- Takes note that Bulgaria, the former Yugoslav Republic of Macedonia, the Republic of Moldova and Romania have nominated Cultural practices associated to the 1st of March (No. 01287) for inscription on the Representative List of the Intangible Cultural Heritage of Humanity:
Cultural Practices Associated to the 1st of March comprise traditions transmitted since ancient times to celebrate the beginning of spring. The main practice consists of making, offering and wearing a red and white thread, which is then untied when the first blossom tree, swallow or stork is seen. A few other local practices also form part of a larger spring celebration, such as purification actions in Moldova. The artefact is considered to provide symbolic protection against perils such as capricious weather, with the practice ensuring a safe passage from winter to spring for individuals, groups and communities. All members of the communities concerned participate, irrespective of age, and the practice contributes to social cohesion, intergenerational exchange and interaction with nature, fostering diversity and creativity. Informal education is the most frequent means of transmission: in rural areas, young girls are taught how to make the thread by older women, while in urban areas apprentices learn from teachers, craftspeople and through informal education. Another occasion for transmission is provided by Martenitsa/Martinka/Mărţişor workshops organized by ethnographic museums. The communities concerned are actively involved in efforts to inventory, research, document and promote the element, and numerous cultural projects geared at its safeguarding are underway.
- Decides that, from the information included in the file, the nomination satisfies the following criteria for inscription on the Representative List of the Intangible Cultural Heritage of Humanity:
R.1: The element has deep roots in the beliefs and traditions of the population of the urban and rural regions across all four countries. The submitting States have indicated the social functions of the element, which enhances the cohesion of the communities concerned, marks the beginning of agricultural activities, serves a psychological and magic function, and helps foster a sense of identity. Both genders play significant roles in the enactment of the practice. Knowledge and skills related to the element are transmitted to the younger generation, especially by women, through informal education. It is clear that the element constitutes a constantly recreated practice of cultural heritage shared by people from four States, symbolically expressing interaction with nature and interpersonal relationships.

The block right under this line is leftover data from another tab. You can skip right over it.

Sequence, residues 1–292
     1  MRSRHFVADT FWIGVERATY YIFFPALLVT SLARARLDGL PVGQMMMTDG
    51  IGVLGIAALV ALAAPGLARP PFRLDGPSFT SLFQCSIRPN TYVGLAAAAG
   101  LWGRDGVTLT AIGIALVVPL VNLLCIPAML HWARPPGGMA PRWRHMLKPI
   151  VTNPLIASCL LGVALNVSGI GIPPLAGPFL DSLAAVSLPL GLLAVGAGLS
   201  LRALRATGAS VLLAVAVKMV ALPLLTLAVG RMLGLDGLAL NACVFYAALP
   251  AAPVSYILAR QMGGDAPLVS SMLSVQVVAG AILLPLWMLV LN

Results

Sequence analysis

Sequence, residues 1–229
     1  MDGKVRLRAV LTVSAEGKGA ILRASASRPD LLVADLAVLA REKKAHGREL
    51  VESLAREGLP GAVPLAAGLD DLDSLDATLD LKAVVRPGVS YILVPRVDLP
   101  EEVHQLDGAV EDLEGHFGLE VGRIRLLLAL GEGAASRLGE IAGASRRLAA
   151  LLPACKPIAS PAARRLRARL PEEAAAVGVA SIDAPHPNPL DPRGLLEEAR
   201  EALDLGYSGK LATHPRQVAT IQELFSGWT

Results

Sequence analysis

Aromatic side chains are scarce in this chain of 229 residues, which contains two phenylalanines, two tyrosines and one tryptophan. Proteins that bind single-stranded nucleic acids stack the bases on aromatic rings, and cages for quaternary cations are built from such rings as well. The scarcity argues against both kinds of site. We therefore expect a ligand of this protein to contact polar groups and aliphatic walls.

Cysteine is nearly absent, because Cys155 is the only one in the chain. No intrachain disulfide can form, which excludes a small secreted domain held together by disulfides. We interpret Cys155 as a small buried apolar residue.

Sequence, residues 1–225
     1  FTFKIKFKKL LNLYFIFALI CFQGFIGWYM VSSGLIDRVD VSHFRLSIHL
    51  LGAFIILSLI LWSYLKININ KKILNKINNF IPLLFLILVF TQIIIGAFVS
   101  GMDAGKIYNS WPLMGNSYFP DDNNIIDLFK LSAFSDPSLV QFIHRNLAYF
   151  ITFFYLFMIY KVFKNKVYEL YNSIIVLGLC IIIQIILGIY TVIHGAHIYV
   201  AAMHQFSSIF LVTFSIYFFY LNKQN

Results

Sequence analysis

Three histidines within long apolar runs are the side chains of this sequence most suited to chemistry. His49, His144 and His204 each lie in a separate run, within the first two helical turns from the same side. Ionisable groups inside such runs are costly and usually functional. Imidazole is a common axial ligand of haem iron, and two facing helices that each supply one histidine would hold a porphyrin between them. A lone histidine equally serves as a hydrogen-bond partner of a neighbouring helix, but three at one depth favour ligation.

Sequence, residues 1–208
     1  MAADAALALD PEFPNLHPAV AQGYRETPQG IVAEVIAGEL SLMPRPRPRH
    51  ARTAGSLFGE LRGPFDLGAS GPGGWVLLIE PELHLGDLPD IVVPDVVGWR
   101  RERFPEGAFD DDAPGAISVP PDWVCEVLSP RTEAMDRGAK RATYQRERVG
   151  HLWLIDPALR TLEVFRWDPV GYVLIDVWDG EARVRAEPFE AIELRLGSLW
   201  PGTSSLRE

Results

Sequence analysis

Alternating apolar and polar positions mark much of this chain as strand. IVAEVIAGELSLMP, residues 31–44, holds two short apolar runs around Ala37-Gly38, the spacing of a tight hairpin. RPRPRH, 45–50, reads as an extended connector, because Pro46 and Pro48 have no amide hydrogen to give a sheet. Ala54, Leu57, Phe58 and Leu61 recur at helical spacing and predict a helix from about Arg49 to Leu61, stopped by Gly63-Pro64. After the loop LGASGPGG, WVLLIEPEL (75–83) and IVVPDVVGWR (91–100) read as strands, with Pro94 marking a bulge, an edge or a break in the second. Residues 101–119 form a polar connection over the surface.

R.2: As the element is very popular in all four submitting countries, its inscription would raise public awareness of the importance of intangible cultural heritage and enrich the Representative List with an element based on ancient knowledge about nature and the universe, providing an example of people living harmoniously, in accordance with their traditional, inherited calendars. The inscription of the element would encourage communities in both rural and urban areas to discover intangible cultural heritage and recognize the shared heritage existing in a large area of south-eastern Europe.
R.3: The viability of the element is ensured by the communities, groups and individuals concerned through its transmission and informal learning within families and neighbourhoods, as well as through workshops and dedicated optional school programmes and educational museum programmes. Scientific institutes, museums, schools, cultural centres, non-governmental organizations and the authorities in the four countries support the inventorying, research, documentation and promotion of the practice. States Parties also collaborate with bearers of the element through international cultural exchanges. The legislative framework and financial incentives are ensured by the governments, to facilitate the implementation of safeguarding measures which will be monitored by the relevant national commissions.
R.4: The four States Parties prepared the nomination file in close collaboration and with the active participation of a wide variety of community representatives, experts, non-governmental organizations and other relevant cultural actors. They submitted official agreements signed by legal representatives of selected communities and non-governmental organizations, who acknowledge the viability of the element and have agreed to support its nomination and safeguarding in the future. Young people, especially children, are particularly targeted as both participants and beneficiaries. The file provides evidence of the consent of all the stakeholders involved in the nomination process.
- Further decides that, on the basis of the information provided by the submitting States to the Committee at its present session concerning the procedures for updating the inventories and the involvement of the communities in the inventorying process, the following criterion for inscription on the Representative List of the Intangible Cultural Heritage of Humanity is satisfied:
R.5: All four States Parties have several intangible cultural heritage inventories (national and regional lists for intangible cultural heritage or Living Human Treasures), in which the element is included. The inventories are regularly updated and drawn up in close cooperation with the relevant communities. They are maintained by the relevant Ministries of Culture and similar agencies in accordance with Articles 11 and 12 of the Convention.
- Inscribes Cultural practices associated to the 1st of March on the Representative List of the Intangible Cultural Heritage of Humanity.